Sparse Autoencoder Architecture


  • Both teams used an autoencoder with loss = (reconstruction loss)+(sparsity loss)
  • Both teams used a single hidden layer which was wider than the input/output layers.
  • Both teams used ReLU activations on the hidden layer.
The overview diagram of our approach from our paper. The middle column shows the sparse autoencoder architecture.

But some significant differences remain:

  • We use a bias term on just the encoding step, Anthropic has a bias term on both their encoding and decoding steps.
  • We use tied embeddings between our encoder and decoder, Anthropic uses untied embeddings.

In other words, we perform this calculation:

whereas Anthropic does this calculation:

more precisely, Anthropic writes their calculation in these terms:

which is equivalent to the above with  etc.

Sparse Autoencoder Training

There are two main differences between how we trained our sparse autoencoders and how Anthropic trained theirs:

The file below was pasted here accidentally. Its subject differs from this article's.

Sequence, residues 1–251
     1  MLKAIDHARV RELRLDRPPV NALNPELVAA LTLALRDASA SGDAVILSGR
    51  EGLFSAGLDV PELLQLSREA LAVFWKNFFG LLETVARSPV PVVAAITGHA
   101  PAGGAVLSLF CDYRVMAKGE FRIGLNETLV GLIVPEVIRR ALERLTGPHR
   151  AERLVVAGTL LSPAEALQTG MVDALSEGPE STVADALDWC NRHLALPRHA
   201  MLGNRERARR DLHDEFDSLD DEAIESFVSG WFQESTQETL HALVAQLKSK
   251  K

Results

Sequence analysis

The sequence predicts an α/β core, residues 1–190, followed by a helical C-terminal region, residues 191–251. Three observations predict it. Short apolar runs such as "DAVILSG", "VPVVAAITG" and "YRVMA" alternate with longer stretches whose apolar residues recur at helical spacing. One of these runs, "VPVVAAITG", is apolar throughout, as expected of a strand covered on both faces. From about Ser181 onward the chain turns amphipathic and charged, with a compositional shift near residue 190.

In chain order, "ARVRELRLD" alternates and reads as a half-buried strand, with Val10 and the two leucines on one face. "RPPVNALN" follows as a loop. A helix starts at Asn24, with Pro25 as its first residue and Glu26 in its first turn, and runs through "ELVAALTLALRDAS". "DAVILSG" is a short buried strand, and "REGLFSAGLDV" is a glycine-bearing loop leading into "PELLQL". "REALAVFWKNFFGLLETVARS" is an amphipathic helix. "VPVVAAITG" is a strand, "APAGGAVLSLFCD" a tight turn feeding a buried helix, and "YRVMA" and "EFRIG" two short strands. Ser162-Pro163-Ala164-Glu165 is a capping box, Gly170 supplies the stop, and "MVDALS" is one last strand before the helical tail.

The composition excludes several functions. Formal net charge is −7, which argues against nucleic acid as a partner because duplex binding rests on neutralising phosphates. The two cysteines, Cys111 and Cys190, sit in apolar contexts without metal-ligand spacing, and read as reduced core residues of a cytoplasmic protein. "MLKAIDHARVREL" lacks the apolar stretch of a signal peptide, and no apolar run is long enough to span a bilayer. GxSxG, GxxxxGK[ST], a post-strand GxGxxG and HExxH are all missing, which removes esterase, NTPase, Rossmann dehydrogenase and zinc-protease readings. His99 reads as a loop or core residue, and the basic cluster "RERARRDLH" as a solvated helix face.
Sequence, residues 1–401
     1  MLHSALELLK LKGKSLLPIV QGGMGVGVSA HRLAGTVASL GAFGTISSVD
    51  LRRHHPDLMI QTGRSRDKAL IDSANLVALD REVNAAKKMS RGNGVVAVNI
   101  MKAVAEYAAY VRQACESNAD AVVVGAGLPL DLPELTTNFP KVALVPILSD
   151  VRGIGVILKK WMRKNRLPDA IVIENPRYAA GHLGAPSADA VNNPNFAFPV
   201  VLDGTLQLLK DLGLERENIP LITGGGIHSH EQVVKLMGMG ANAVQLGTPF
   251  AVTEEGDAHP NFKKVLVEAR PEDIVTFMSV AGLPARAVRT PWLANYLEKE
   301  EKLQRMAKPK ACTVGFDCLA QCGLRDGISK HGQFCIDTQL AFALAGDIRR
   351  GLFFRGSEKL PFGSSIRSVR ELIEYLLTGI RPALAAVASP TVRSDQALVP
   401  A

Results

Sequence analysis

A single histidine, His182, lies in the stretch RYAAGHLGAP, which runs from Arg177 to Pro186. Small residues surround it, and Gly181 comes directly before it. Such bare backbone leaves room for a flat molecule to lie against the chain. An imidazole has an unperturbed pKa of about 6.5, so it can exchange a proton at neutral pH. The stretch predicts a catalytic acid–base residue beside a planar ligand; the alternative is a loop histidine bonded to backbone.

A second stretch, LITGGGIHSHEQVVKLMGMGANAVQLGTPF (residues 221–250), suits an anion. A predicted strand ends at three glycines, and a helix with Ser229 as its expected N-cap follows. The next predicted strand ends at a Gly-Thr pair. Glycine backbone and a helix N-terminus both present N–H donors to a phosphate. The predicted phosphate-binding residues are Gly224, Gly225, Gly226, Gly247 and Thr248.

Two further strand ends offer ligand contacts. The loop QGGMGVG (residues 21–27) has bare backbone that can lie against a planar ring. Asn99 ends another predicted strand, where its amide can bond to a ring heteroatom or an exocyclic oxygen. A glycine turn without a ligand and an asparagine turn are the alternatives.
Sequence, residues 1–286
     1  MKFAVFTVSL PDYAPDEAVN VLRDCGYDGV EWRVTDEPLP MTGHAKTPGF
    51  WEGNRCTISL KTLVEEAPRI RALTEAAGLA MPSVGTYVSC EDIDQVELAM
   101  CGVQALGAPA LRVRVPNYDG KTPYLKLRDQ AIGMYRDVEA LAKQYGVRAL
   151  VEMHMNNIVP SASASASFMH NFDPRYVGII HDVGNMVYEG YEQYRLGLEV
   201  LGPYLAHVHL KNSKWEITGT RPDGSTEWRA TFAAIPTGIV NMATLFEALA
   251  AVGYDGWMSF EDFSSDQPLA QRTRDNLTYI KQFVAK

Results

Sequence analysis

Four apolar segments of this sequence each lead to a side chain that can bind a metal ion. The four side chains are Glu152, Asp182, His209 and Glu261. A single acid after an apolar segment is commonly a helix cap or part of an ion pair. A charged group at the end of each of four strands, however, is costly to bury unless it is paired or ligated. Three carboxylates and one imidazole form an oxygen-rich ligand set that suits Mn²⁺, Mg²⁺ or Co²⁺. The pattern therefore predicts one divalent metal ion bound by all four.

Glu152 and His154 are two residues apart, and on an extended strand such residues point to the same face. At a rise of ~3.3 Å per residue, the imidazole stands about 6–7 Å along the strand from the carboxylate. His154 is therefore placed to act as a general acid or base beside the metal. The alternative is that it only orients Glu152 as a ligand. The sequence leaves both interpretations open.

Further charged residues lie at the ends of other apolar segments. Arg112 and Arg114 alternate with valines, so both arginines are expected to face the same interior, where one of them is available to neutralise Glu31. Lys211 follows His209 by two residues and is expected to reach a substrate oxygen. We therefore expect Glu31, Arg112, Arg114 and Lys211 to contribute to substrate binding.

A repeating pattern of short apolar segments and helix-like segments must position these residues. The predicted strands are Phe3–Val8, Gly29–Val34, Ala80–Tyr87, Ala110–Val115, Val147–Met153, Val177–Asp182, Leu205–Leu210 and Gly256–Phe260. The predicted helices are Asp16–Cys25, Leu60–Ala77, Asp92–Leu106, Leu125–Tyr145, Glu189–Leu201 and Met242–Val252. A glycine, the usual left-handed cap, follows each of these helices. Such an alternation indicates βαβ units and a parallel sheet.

• Size of training set: We trained our autoencoders for 10M tokens. Anthropic trained theirs for much longer, 8B tokens.
  • Dead Neurons and Reinitialization: A perennial problem with ReLU-activated neural networks is the presence of a dead neuron, i.e. a neuron that never activations and therefore does not get trained. Both teams encountered dead neurons, but Anthropic did something to address it: Anthropic resampled their dead neurons at checkpoints during training, while we did not.

Checking Success

[Epistemic status warning: I'm less sure I've fully capture Anthropic's work in this section.] 

Finally, how did we decide the features were interpretable?

  • Both teams did "manual inspection", i.e., one of the coauthors was able to better interpret the features.
  • Both teams used the OpenAI autointerpretability technique, albeit with different models (we used GPT-3.5, Anthropic naturally used Claude 2).